Jaipur, as usual, is fading away from the headlines of the national media, as it always does till another terror strike jerks our collective psyche with gory images, wrecked vehicles and charred human limbs. Like in earlier instances, in the case of Jaipur also, claims and denials about the failures of the state and central agencies, issues like lack of information gathering at the base, unhindered exchange of information amongst agencies and, most crucial, the analyses of data collected came to fore in the aftermath.
Establishing a federal agency solely dedicated to counter-terrorism, which can act independently and investigate in any part of India and if required can collaborate with partner agencies abroad and finally prosecute through designated courts, is being rightly talked about at highest quarters. Providing special powers to the Central Bureau of Investigation (CBI) to transform it into a federal anti-terror agency is being deliberated upon. Strengthening the existing multi-agencies centre and revamping their working procedures are also recommended. Though counterpoints against another federal agency have already been raised, a federal anti-terror agency is highly necessary primarily to redress the valuable time lost in transferring the case from the state where a terrorist attack is perpetrated to the CBI.
At the outset some caveats have to be presented. When we talk about a federal anti-terror agency, a parallel is naturally drawn with the American Federal Bureau of Investigation (FBI). Yet we must remember that an Indian anti-terror agency must not follow any models from the US, Europe or Southeast Asia, howsoever successful they may have been. Definitely lessons should be learnt about their evolution, structure, size, mandate and operations; nevertheless an Indian federal anti-terror agency must be first of all Indian in nature, which would not only respect the federalism in the country as well as take into consideration the Indian specificities, growing nature of trend, radicalism - religious or ethno-centric, the huge landmass and pluralistic ethos.
India has been facing the challenges of cross-border terrorism for decades, most exemplified by a plausible nexus between different terrorist groups with the sole objective of weakening the state and, most importantly, encouraged from the neighbourhood. India's terror challenge is multifaceted and as a result the Indian experience has always been unique. No other models can be replicated here. Besides terrorism, the FBI also deals with other serious crimes. But if the proposed federal agency in India is only devoted to terrorism and related organised crimes (on a case-by- case basis), then its focus would not be diluted.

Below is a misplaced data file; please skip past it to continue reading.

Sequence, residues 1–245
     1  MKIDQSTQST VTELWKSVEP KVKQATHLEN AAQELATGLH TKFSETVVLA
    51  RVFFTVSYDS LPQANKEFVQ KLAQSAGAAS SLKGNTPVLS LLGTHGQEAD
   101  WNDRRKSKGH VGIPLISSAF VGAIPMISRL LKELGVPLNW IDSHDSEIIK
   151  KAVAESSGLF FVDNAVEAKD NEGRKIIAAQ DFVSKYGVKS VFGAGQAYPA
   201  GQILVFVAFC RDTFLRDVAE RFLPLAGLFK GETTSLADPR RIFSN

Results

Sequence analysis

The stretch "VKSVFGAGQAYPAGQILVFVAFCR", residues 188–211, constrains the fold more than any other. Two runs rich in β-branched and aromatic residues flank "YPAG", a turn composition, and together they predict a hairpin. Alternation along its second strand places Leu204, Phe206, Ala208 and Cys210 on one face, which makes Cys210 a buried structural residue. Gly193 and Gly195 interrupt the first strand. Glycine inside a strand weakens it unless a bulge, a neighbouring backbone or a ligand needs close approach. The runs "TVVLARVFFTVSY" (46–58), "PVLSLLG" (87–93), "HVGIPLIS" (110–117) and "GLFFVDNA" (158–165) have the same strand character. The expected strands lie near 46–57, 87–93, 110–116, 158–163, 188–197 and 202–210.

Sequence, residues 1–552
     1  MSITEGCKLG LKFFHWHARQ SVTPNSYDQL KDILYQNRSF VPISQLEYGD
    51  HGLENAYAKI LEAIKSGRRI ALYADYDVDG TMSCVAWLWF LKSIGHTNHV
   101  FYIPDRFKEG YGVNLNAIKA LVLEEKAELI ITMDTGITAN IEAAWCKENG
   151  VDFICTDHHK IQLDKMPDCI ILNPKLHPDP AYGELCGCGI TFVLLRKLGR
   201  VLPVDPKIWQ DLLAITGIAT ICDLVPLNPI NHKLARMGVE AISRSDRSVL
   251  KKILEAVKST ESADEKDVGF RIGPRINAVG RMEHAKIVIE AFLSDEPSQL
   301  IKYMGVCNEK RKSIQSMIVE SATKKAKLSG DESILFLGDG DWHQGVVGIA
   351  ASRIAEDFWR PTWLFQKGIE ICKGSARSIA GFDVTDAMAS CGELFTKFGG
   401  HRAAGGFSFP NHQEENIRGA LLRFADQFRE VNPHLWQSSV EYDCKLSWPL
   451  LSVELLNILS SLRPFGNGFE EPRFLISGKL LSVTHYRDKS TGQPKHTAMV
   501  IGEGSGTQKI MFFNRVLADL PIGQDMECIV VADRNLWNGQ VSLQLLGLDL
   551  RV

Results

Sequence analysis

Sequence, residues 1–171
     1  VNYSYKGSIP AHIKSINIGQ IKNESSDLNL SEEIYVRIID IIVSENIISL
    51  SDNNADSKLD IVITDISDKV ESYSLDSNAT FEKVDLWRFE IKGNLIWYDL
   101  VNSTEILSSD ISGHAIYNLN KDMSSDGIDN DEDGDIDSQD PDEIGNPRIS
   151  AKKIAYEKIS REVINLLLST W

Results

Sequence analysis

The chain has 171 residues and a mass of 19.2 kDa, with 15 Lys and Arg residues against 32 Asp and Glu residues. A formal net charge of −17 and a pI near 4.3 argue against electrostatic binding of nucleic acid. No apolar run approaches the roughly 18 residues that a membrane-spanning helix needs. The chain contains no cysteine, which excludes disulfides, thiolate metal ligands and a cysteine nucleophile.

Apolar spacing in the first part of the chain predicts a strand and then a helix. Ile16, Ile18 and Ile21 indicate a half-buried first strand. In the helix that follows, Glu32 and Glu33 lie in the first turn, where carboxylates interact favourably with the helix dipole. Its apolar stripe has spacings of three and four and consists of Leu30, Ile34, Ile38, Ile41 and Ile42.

It appears that right now the establishment of an anti-terror federal agency would take time because of the need for a political consensus, necessary enactment and thorough debates on its mandate and structure. In the meantime, a national counter-terrorism centre may be earnestly pondered over. Right from the very beginning, counterpoints may arise. A potent argument would be that when India's ground level intelligence gathering is not up to the mark, a counter-terrorism centre that is supposed to analyse information may become a top heavy organisation.
International experiences show that a counter-terrorism centre plays the most effective role in the countries that have already announced a counter-terrorism policy. Most of the counter-terrorism strategies are based on multiple pillars. However, as the US considers the 'war on terror' in predominantly military terms and therefore mainly relies on means by force, some other examples like the United Kingdom and the European Union (EU) may be deliberated upon.
Britain, which had earlier been facing terror onslaughts mainly from the Irish Republican Army (IRA) and its derivatives, has in the post-Cold War era been facing the threat of homegrown terrorism emanating from a part of its young immigrant Muslim community as well as internationally connected terrorist network based in the United Kingdom. The entire threat reached its saddest climax with the suicide bombings in the London underground July 7, 2005. Britain has however been pursuing its Counter-Terrorism Strategy (CONTEST), which is based on four pillars: pursue, protect, prepare and prevent.